A small but vibrant protest on Capitol Hill on Thursday previewed what pro-choice and pro-life activists say will be a defining issue in this year’s presidential election - abortion.
Calling abortions “womb lynchings” and “black genocide,” a group of 60 black demonstrators marched on the headquarters of the Democratic and Republican parties to voice their outrage over the practice.
The protesters also decried Planned Parenthood, the nation’s largest abortion provider, which announced in January that it was pouring at least $10 million into congressional and national races. They also called on the presumptive presidential nominees - Sens. Barack Obama, Illinois Democrat, and John McCain, Arizona Republican - to halt abortions.
“We are here to urge Democratic candidates that donations from Planned Parenthood are racist to the very core,” said Day Gardner, president of the National Black Pro-Life Union, as she stood in front of Democratic National Committee headquarters on South Capitol Street. “I’m sick of hearing this is a Republican issue. For children killed or maimed by abortion, it’s a life-and-death issue.”
Officials for Planned Parenthood declined to comment, as did Democratic Party and Republican Party officials.
Although abortion has yet to be a major issue this year, groups like Emily’s List and NARAL Pro-Choice America Inc. have been pouring money into the campaigns of pro-choice politicians.
NARAL has not released figures for this year, but in 2006, it spent $2.5 million to mobilize pro-choice voters and contributed $540,160 to 160 candidates, according to its Web site, www.naral.org.
On May 14, NARAL endorsed Mr. Obama for president, saying he “has a fully pro-choice record, and we are confident that as president he will be a champion for women´s reproductive rights.”
Pro-life activists say Mr. Obama’s record on abortion will make it an issue this fall.
“Barack Obama’s position is extreme,” said David Osteen, executive director of the National Right to Life Committee, which donated $3 million to pro-life candidates in 2006. “While it’s hard to be more pro-abortion than Hillary Clinton, his record shows he’s done it.”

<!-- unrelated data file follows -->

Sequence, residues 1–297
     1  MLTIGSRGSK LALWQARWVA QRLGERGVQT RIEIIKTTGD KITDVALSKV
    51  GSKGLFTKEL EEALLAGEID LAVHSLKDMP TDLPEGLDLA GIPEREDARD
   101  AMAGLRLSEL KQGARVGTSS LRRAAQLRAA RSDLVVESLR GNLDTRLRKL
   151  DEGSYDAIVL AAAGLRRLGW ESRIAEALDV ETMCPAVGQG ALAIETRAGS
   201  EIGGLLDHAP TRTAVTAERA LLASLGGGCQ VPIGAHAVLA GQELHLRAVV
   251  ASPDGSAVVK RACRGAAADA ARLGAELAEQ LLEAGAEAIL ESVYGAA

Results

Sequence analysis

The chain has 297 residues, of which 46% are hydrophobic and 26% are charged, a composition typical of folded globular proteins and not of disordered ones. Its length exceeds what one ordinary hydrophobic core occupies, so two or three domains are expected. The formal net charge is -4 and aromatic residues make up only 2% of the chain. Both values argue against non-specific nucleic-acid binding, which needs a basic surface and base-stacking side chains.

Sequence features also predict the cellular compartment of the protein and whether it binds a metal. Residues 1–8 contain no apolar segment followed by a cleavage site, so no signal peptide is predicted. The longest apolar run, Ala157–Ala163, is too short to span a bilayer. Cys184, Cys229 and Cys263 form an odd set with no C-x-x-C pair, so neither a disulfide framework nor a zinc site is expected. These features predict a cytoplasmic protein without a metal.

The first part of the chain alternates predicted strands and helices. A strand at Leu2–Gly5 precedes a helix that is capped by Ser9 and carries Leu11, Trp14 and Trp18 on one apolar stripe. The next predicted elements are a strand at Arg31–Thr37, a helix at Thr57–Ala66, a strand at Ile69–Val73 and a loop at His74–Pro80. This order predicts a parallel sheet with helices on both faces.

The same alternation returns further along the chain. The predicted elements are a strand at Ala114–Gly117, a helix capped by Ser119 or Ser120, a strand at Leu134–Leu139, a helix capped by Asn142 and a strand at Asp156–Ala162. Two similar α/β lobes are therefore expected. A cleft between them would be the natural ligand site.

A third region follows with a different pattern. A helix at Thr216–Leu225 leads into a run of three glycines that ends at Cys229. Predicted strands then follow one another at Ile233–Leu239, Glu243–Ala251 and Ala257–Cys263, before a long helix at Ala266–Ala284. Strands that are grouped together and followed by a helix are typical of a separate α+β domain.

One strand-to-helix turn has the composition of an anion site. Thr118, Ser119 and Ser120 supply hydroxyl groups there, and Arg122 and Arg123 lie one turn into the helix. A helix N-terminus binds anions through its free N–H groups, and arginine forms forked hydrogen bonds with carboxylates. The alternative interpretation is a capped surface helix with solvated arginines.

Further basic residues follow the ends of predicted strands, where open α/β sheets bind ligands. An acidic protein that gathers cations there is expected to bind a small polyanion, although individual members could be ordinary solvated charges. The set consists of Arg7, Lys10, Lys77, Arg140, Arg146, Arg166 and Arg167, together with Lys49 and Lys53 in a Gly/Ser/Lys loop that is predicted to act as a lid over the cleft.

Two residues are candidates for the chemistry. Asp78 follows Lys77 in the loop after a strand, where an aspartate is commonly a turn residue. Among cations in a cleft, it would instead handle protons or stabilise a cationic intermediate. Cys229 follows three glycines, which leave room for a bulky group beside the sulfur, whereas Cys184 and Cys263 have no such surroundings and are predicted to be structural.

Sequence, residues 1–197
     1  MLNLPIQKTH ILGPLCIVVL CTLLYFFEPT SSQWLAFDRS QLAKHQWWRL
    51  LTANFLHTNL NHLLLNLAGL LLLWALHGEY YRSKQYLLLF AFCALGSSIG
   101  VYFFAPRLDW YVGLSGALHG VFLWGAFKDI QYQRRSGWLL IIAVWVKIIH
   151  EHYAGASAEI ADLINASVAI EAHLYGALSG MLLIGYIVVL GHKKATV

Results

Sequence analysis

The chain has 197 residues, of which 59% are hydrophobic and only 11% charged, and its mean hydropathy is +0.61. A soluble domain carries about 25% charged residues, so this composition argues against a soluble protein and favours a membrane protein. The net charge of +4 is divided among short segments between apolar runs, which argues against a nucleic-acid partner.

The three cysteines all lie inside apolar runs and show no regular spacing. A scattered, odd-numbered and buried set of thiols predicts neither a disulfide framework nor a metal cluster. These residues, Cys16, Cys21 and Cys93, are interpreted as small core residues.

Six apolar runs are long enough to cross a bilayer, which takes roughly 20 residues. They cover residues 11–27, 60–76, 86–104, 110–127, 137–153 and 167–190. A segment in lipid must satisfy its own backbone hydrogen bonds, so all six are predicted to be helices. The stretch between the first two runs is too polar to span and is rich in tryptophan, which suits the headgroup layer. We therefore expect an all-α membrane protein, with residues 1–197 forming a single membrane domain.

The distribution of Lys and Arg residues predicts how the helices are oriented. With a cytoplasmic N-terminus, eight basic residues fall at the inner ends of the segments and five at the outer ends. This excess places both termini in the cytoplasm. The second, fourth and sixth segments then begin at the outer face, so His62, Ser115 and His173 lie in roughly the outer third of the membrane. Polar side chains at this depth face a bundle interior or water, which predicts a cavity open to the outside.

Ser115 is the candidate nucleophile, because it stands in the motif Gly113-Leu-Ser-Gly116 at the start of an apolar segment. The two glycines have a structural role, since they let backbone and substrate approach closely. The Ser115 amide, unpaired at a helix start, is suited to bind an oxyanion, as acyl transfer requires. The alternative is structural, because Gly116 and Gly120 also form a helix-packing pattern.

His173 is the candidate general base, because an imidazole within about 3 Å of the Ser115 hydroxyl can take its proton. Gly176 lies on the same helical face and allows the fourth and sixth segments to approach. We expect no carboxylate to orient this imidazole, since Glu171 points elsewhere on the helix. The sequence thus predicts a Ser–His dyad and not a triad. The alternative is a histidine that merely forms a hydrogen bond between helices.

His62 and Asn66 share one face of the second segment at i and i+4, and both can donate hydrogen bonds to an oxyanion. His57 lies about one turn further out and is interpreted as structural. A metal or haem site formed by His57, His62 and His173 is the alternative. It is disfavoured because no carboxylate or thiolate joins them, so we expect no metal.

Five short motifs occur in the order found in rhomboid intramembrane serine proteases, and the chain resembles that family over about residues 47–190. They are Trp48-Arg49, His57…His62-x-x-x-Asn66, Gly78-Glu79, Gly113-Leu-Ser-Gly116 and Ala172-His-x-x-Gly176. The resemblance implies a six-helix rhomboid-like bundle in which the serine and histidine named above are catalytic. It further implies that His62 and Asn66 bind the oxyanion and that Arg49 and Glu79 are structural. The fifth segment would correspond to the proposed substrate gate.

In April, the senator was criticized for saying he would not want his daughters, both younger than 10, to be “punished with a baby” if they were to make a “mistake” as teenagers.
An Obama spokesman said in April that the Illinois Democrat believes children are “miracles” but said parents must be responsible to “teach their children about values and morals to help make sure they are not treating sex casually.”
However in 2006, he voted against a Senate measure that would have made it illegal to take a minor across state lines for an abortion. As an Illinois state senator, he voted against a bill that would have guaranteed medical care for babies who survive abortions rather than letting them die.
“It will be the job of the pro-life movement to unmask his record,” Mr. Osteen said. “The strategy of the Democratic Party is to mobilize pro-abortion forces through Planned Parenthood and NARAL while at the same time trying to fool pro-life people into voting for him.”
At Thursday’s protest, criticism over abortion was a bipartisan affair.
The Republicans’ “platform says ‘pro-life,’ but I don’t see the follow through,” said Bishop Harry Jackson, a registered Democrat and pastor of Hope Christian Church in Beltsville. “It’s time for the Republican Party to decide it won’t take money from the organization [Planned Parenthood] but also enforce the laws on the books.”
Mr. McCain has mostly avoided the topic, other than to say he is pro-life. However, he has favored federal funding for embryonic stem-cell research, which puts him at odds with the pro-life movement.
Deirdre McQuade, spokeswoman for the Secretariat for Pro-Life issues for the U.S. Conference of Catholic Bishops, said both candidates have been keeping the issue “at arm’s length.”
“This is a deeply important issue in the public’s mind,” she said. “The majority of Americans lean pro-life on the abortion issue and don’t realize how extreme Roe v. Wade is. New Supreme Court justices will be named in the next presidential tenure, so this is an issue that motivates many voters.”
Christina Bellantoni and Stephen Dinan contributed to this report.